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Should you plant a time capsule garden this summer? What you need to know

Finding new and exciting ways to garden can be a great way to re-inspire you if you’re getting bored with your same old gardening habits. What better way to learn about history while creating something beautiful like planting a time capsule garden? Get the whole family involved and jump back in time!

time capsule garden
Photo by Abbilyn Zavgorodniaia on Unspl

What is time capsule gardening?

Time capsule gardening is a gardening style modeled after the garden styles of the past. While people often choose garden techniques from the 1700s or 1800s, there are many other gardening trends that can teach you about how the people of that era lived and add a new and exciting element to your existing garden.

It’s important to remember that you don’t have to completely remodel your home garden to incorporate ideas and routines from the past. Even just a small herb garden around the front porch or a 1920s inspired fish pond can be enough to rejuvenate your green thumb and inspire you to spend more time in the garden.

How to plant a time capsule garden

An essential part of planting a time capsule garden is researching your chosen era’s popular garden trends. Collect ideas on a Pinterest board or in a notebook. You don’t have to use all the ideas you’ve written down, but this will give you a place to start as you turn to designing and planning this new area of your garden. Let’s go over some of the most popular eras that are used in time capsule gardens.

A 1700s to 1800s garden style

During the 1700s and 1800s, edible plants and medicinal herbs were planted near doors and porches for easy access. It wasn’t as popular to have ornamental gardens at this time, and gardens had the more purposeful job of feeding and producing medicine for those living on and around the homestead.

To implement these styles, try designing a section of the landscape around your front door or back porch with herbs you can use in the kitchen. These could be herbs like basil, dill, cilantro, lemon balm, or even plants used in teas like mint. Flowering plants such as chamomile can be dried and made into tea as well. These can even be grown in containers if there isn’t space for a garden in more urban areas.

By the mid-1800s, decorative plants slowly became more popular as farms and homesteads became more permanent. Plants such as lilac, snowball, snowberry bushes, and heather were often used in more ornamental sections of the garden.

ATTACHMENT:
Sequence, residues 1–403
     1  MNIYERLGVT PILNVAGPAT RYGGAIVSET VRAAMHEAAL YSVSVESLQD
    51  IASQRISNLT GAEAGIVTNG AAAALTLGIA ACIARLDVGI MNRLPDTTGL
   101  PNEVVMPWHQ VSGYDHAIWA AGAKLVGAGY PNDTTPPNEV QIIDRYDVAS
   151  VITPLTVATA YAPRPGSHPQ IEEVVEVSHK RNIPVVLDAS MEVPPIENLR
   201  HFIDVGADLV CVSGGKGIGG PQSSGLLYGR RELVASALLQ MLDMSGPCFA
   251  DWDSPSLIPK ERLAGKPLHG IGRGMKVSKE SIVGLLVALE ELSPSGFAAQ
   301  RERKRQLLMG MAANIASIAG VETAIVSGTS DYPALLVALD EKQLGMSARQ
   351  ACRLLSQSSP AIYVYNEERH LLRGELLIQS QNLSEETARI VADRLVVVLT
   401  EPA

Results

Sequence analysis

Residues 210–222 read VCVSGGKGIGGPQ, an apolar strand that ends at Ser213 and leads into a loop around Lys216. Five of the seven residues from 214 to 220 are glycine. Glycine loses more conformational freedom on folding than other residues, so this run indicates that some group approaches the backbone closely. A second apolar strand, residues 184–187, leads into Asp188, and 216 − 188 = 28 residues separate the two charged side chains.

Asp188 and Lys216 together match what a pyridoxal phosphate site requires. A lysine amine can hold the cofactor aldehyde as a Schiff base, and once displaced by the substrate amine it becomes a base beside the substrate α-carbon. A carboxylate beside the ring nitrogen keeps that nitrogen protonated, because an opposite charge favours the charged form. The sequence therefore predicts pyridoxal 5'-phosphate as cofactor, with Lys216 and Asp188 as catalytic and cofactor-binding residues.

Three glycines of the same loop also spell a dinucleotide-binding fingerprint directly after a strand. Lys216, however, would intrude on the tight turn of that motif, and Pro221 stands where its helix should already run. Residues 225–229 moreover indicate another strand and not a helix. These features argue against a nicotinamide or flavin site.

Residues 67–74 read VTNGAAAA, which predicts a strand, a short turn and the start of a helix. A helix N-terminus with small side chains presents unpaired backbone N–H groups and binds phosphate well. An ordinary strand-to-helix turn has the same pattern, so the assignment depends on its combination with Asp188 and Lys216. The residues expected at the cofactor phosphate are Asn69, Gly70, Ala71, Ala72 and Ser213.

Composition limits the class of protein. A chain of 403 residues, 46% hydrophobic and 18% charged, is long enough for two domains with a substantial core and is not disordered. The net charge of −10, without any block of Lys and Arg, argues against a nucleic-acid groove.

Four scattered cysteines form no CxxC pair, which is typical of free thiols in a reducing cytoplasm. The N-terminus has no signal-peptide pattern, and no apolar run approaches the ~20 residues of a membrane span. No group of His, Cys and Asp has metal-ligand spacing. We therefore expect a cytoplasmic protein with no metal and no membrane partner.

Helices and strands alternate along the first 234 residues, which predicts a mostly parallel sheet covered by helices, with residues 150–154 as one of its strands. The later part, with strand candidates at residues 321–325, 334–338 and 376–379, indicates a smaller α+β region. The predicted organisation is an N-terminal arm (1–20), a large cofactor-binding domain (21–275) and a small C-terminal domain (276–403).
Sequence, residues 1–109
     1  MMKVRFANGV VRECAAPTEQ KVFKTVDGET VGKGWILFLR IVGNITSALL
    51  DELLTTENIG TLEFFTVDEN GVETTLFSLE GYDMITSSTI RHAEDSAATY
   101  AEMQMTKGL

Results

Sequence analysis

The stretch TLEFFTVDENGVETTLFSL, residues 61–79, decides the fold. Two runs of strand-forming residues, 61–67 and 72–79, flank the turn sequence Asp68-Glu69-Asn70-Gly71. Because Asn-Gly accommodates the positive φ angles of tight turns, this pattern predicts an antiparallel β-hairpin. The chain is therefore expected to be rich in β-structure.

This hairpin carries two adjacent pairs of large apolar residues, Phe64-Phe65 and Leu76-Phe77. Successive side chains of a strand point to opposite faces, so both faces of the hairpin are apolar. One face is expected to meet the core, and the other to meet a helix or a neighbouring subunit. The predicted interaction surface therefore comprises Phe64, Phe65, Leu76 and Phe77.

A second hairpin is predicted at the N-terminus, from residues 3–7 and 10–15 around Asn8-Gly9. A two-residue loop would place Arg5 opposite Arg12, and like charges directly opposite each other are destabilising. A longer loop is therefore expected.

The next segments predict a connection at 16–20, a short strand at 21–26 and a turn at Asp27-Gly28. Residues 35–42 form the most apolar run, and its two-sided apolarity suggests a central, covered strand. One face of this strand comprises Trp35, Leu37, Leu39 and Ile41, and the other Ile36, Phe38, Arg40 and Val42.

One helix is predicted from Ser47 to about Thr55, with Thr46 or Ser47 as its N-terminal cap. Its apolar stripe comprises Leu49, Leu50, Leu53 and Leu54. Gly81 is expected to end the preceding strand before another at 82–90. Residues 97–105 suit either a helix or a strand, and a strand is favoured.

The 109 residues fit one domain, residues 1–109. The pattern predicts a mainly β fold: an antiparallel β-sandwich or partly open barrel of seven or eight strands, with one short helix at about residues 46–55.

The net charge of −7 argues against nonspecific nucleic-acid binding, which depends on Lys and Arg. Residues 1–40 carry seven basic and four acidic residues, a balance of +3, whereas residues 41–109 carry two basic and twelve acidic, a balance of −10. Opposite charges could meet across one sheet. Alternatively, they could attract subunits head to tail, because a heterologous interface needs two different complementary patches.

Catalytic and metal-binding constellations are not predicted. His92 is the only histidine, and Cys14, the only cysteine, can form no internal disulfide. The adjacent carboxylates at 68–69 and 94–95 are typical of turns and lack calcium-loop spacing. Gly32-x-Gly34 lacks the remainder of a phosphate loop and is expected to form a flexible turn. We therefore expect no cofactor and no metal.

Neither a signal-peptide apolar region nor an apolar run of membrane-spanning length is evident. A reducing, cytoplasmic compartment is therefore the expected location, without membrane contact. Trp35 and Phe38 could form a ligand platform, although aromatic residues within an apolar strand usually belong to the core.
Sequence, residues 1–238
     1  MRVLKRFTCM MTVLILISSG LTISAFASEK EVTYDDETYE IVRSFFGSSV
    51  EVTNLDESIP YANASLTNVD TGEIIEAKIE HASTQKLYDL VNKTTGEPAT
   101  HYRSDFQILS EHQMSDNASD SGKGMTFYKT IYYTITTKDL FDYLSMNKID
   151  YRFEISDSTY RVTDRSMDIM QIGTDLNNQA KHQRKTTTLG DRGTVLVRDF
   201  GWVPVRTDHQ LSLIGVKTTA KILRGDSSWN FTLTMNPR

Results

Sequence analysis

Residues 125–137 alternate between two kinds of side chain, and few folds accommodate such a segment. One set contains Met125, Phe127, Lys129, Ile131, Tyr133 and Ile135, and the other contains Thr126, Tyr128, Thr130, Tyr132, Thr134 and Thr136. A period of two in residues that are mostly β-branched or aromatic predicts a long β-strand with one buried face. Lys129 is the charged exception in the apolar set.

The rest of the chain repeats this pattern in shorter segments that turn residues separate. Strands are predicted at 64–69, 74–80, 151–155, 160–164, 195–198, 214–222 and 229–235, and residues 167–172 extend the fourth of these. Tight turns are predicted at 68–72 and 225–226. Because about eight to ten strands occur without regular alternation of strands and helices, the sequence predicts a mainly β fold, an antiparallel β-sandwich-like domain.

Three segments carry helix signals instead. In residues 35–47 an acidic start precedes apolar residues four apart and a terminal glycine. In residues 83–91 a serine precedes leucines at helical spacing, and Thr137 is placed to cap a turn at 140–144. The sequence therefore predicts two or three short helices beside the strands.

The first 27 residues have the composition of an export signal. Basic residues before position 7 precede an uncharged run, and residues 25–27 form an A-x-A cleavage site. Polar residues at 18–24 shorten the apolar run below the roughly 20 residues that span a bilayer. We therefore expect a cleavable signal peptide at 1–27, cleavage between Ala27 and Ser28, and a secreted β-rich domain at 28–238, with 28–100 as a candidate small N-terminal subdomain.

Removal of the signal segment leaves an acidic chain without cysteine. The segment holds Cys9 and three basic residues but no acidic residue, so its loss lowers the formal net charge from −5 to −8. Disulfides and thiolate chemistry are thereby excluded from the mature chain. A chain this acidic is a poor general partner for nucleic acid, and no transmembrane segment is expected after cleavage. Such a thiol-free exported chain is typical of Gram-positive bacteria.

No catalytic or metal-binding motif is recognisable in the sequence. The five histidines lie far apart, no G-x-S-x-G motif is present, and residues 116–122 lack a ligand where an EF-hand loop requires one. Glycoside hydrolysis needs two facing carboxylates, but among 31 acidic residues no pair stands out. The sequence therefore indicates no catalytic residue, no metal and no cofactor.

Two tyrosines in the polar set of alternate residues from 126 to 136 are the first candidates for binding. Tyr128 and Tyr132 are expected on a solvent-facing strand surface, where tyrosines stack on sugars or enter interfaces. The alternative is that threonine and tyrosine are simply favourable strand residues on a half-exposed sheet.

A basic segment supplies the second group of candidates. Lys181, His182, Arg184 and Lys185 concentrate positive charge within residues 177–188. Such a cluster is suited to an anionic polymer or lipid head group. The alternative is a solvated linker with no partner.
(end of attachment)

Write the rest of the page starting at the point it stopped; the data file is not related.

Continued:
Roaring 20s garden styles

Similar to their desire for unique clothing and music, the roaring 20s were also looking for new and fun ways to garden. To bring diversity and contemporary elements to a garden, it became popular to attract birds to the garden. To do this, they planted irises, foxgloves, marigolds, phlox, asters, and berried shrubs. In addition to these, they also added fish ponds and rock gardens to their repertoire, which brought depth and interest to backyards across the United States.

Implement some of these ideas by creating a bird haven with a bird bath and some berry bushes. You could also create a small fish pond to bring a water element to your backyard for a soothing sound and visual while relaxing or hosting parties.

1940s garden styles

During World War II, Americans planted victory gardens to aid in the struggle of food shortages. Instead of relying wholly on their local groceries to provide them with food, Americans took it upon themselves to feed their families and neighbors with food grown in their own backyard. Even the First Lady, Eleanor Roosevelt, planted a Victory Garden on the White House front lawn.

Build a small raised garden bed in the backyard and grow produce such as tomatoes, cucumbers, or squash to bring a little bit of homegrown food to your dinner table. This is an excellent way to bring kids into it and get them involved with gardening in a very tangible and fun way.

wild garden styles
Image used with permission by copyright holder

Garden styles in the 1970s

Like most things during the 1970s, home gardens took on a more relaxed and natural look. People let plants grow where they wanted and invited more native plants back into the garden without the strict lines that are popular in English-style gardens.

Do some research on native plants in your area and try planting a more organic-looking garden with pollinator-friendly blooms such as milkweed, viburnum trilobum, coneflower, lobelia, white sage, wintergreen, and iris setosa.

Prehistoric style gardens

Prehistoric gardens are entertaining for kids. While there weren’t backyards in prehistoric times, it can still be fun to grow plants that are considered primitive. Ferns, mosses, ginkgo trees, asparagus ferns, gunnera, junipers, horsetails, cycads, and sago palms can create an exciting dino-inspired backyard. Add some fun statues or dino-inspired toys and create a space where kids can play while still learning about plants and history.

No matter which of these styles you choose, there’s fun to be had and fascinating facts to learn. Remember to have just as much fun researching these exciting, historical times as you do planting and caring for these beautiful plants.

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Rebecca Wolken
Former Digital Trends Contributor
Rebecca's has written for Bob Villa and a Cincinnati based remodeling company. When she's not writing about home remodeling…
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